For Ukraine, which had suffered the horrors of the «Holodomor», considered by them a genocide induced from Moscow, the Second World War is seen as a double invasion: first at the hands of the Germans and then by Stalin. Putin , who is trying to recover the halo of superpower that the USSR had, has returned to this speech to legitimize the occupation of Ukraine and convince his fellow citizens of the need to wage this fight. «The Kremlin plays with memory on the internet, on Twitter… there is a recurring appeal to Soviet sacrifice, to rhetorical anti-fascism. We have experienced it with the invasion of Ukraine. On May 9, 2021, he was talking about hands stained with Russian blood, he was talking about the Nazis who are reviewing history and it could be deduced that he was referring to Poland, the Baltic States, but, above all, he was addressing Ukraine ».

Defensive lands

For the historian, all this is nothing more than a “smoke screen” by Putin, who intends to rebuild the area of ​​Soviet influence or the tsarist empire. He aspires to recover these defensive lands “from docile regimes dominated by friendly leaders, such as Belarus.” He seeks, according to Núñez Seixas, external and internal legitimation. “This has worked well for him so far, as long as it did not become an indiscriminate war and the soldiers were people from other, more marginal parts of his territory.and not the children of the middle classes of St. Petersburg». And he explains: «He has failed in his objective. In various public pronouncements, he pointed out that Ukraine was an artificial country, that its identity was also a fabrication, and that the Ukrainian republic was a Bolshevik mistake. He believed that the majority who supported Russia would greet his troops as liberators and that the government would collapse like a house of cards….but he was wrong. The city of Kharkov worshiped the resistance that planted the German forces. They thought that his supporters in this city would support him, but he did not take into account that they too are Ukrainians and do not want anything to be imposed on them from outside. These seven months of war with Ukraine have cemented the national consciousness of Ukrainemore than thirty years of educational policies directed from kyiv. Today Kharkov is more Ukrainian than ever.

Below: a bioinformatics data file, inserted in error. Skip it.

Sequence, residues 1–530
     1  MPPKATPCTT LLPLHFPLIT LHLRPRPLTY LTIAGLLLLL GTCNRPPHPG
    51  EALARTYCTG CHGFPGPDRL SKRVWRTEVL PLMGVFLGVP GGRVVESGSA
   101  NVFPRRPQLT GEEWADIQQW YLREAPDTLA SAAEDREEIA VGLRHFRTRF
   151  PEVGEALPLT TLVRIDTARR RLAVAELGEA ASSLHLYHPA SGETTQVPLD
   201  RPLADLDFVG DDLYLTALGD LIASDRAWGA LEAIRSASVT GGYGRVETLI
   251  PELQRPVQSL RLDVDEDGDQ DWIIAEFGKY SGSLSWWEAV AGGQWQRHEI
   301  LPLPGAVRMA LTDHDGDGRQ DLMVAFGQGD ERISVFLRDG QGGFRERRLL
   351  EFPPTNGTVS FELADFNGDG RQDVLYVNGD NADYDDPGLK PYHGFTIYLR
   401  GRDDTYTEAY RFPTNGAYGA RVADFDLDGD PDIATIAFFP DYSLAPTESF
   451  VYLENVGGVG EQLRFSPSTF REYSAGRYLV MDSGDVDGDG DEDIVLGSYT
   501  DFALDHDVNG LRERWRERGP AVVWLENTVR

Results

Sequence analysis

What could happen if Russia stayed in Ukraine or invaded it? For Núñez Seixas there are no doubts about this and he assures that «if Putin were to annex Ukraine he would have a very big problem, a Chechnya multiplied by twenty. This war is bad for everyone. My impression is that he is preparing the ground for a dignified exit. He wants to force Ukraine to sign a peace out of fatigue and accept peace talks. He aspires to consent to keep Crimea, Lugansk and Donetsk, and that these territories become part of the Russian federation ».

The reason, for Núñez Seixas, is that “he cannot withdraw troops. It would mean the downfall of Putin.” A possibility is there. “In the last thirty years, the elites have become Westernized. The oligarchs send their children to schools that teach in other languages. They have Swiss and German passports, and they don’t want to go to war. The recent capture of the recording of a son of these oligarchs makes it clear. They have been called up and he says that “this will have to be solved at another level…”… There is a possibility that the Russians will strengthen ties with China and consume Chinese products, but, as a correspondent from Moscow told me, the Russians like Netflix too much .In addition, there are some elements of the mass youth subculture that are already too much assumed. Young Russians are familiar with the Anglo-Saxon world, which is going to be hard to break. In reality, this conflict represents a setback of thirty or forty years. It’s back to the 20th century.”